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Statler College of Engineering and Mining Resources


Lane Department of Computer Science and Electrical Engineering


Human age estimation is an important and difcult challenge. Diferent biomarkers and numerous approaches have been studied for biological age estimation, each with its advantages and limitations. In this work, we investigate whether physical activity can be exploited for biological age estimation for adult humans. We introduce an approach based on deep convolutional long short term memory (ConvLSTM) to predict biological age, using human physical activity as recorded by a wearable device. We also demonstrate fve deep biological age estimation models including the proposed approach and compare their performance on the NHANES physical activity dataset. Results on mortality hazard analysis using both the Cox proportional hazard model and Kaplan-Meier curves each show that the proposed method for estimating biological age outperforms other state-of-the-art approaches. This work has signifcant implications in combining wearable sensors and deep learning techniques for improved health monitoring, for instance, in a mobile health environment. Mobile health (mHealth) applications provide patients, caregivers, and administrators continuous information about a patient, even outside the hospital.

Source Citation

Rahman, S. A., & Adjeroh, D. A. (2019). Deep Learning using Convolutional LSTM estimates Biological Age from Physical Activity. Scientific Reports, 9(1).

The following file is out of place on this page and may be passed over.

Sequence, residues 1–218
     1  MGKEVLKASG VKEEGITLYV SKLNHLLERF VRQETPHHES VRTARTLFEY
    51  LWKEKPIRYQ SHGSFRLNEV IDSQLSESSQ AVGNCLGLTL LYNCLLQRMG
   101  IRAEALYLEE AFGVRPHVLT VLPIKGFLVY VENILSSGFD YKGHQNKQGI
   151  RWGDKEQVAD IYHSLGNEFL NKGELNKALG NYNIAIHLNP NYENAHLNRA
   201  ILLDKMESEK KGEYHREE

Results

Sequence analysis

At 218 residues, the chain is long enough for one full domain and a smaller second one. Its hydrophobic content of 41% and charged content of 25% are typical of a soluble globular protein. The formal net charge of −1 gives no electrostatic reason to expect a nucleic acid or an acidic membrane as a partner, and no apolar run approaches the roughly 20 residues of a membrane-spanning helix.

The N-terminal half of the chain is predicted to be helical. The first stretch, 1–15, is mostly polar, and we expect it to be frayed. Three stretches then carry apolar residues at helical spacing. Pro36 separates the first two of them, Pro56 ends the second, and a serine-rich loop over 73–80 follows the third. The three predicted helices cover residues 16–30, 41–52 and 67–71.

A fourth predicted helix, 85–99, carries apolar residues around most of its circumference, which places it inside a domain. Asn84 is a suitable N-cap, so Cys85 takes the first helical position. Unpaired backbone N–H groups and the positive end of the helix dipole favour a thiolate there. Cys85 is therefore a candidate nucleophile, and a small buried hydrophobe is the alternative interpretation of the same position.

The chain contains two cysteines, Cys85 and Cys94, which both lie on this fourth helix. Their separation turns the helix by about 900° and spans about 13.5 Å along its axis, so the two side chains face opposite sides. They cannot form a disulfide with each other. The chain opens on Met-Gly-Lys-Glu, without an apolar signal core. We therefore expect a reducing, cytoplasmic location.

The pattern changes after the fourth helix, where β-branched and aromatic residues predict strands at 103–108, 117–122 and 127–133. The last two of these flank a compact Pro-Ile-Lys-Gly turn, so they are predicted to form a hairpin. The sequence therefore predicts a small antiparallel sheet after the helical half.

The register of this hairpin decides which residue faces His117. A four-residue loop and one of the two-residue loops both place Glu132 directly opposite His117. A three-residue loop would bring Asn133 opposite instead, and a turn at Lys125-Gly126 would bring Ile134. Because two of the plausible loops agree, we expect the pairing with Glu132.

Open Access This article is licensed under a Creative Commons Attribution 4.0 International License, which permits use, sharing, adaptation, distribution and reproduction in any medium or format, as long as you give appropriate credit to the original author(s) and the source, provide a link to the Creative Commons license, and indicate if changes were made. Te images or other third party material in this article are included in the article’s Creative Commons license, unless indicated otherwise in a credit line to the material. If material is not included in the article’s Creative Commons license and your intended use is not permitted by statutory regulation or exceeds the permitted use, you will need to obtain permission directly from the copyright holder. To view a copy of this license, visit © The Author(s) 2019



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